Professor of Computer Science
Affiliation: NYU New York
Research Areas: algorithms, computational biology, data-intensive systems, networks, puzzles
Dennis Shasha is a professor of computer science at the Courant Institute of New York University where he works with biologists on pattern discovery for network inference; with computational chemists on algorithms for protein design; with physicists and financial people on algorithms for time series; on database applications in untrusted environments; and on computational reproducibility.
Other areas of interest include database tuning as well as tree and graph matching.
He has written a few books, including a professional reference book Database Tuning: principles, experiments, and troubleshooting techniques (2002, Morgan Kaufmann), six books about a mathematical detective named Dr. Ecco entitled The Puzzling Adventures of Dr. Ecco (1988, Freeman, and republished in 1998 by Dover), Codes, Puzzles, and Conspiracy (1992, Freeman, republished in 2004 by Dover), Dr. Ecco's Cyberpuzzles (2002, W. W. Norton), Puzzling Adventures (2005, W. W. Norton), The Puzzler's Elusion (2006, Avalon Publishing), Puzzles for Programmer's and Pros (2007, Wrox/Wiley), a book of biographies about great computer scientists called Out of Their Minds: The Lives and discoveries of 15 Great Computer Scientists (with Cathy Lazere)(1995, Copernicus/Springer-Verlag), Pattern Discovery in Biomolecular Data: Tools, Techniques, and Applications published in 1999 by Oxford University Press, High Performance Discovery in Time Series: Techniques and Case Studies (with Yunyue Zhu) Springer Verlag Publishers, June 2004, Statistics is Easy (with Manda Wilson), Morgan Claypool publishing 2008, a book about the future of computing Natural Computing: DNA, Quantum bits, and the future of smart machines (with Cathy Lazere) W. W. Norton, May 2010, a book about DNA computing Stored Clocked Programs Inside DNA: A Simplifying Framework for Nanocomputing (with Jessica Chang) published by Morgan Claypool in 2011, and a book about finding causal networks in biology Network Inference in Molecular Biology - A hands-on Framework, Jesse Lingeman and Dennis Shasha, Springer Verlag, 2012.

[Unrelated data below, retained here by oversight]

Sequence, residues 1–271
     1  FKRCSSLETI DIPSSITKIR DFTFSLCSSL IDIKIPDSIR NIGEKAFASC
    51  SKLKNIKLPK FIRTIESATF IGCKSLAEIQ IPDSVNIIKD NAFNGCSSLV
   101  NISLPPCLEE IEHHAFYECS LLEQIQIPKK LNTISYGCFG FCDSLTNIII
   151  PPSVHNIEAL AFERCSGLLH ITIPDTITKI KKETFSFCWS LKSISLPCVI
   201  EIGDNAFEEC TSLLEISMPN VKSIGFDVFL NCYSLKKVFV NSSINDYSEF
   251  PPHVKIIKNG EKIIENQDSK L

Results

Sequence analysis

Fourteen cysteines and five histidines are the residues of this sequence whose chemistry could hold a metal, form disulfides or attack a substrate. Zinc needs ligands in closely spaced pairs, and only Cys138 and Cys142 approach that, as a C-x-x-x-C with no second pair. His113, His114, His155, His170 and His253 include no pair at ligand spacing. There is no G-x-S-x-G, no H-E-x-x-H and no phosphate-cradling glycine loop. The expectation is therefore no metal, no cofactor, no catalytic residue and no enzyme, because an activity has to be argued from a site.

He has co-authored over sixty journal papers, seventy conference papers, and fifteen patents. He has written the puzzle column for various publications including Scientific American.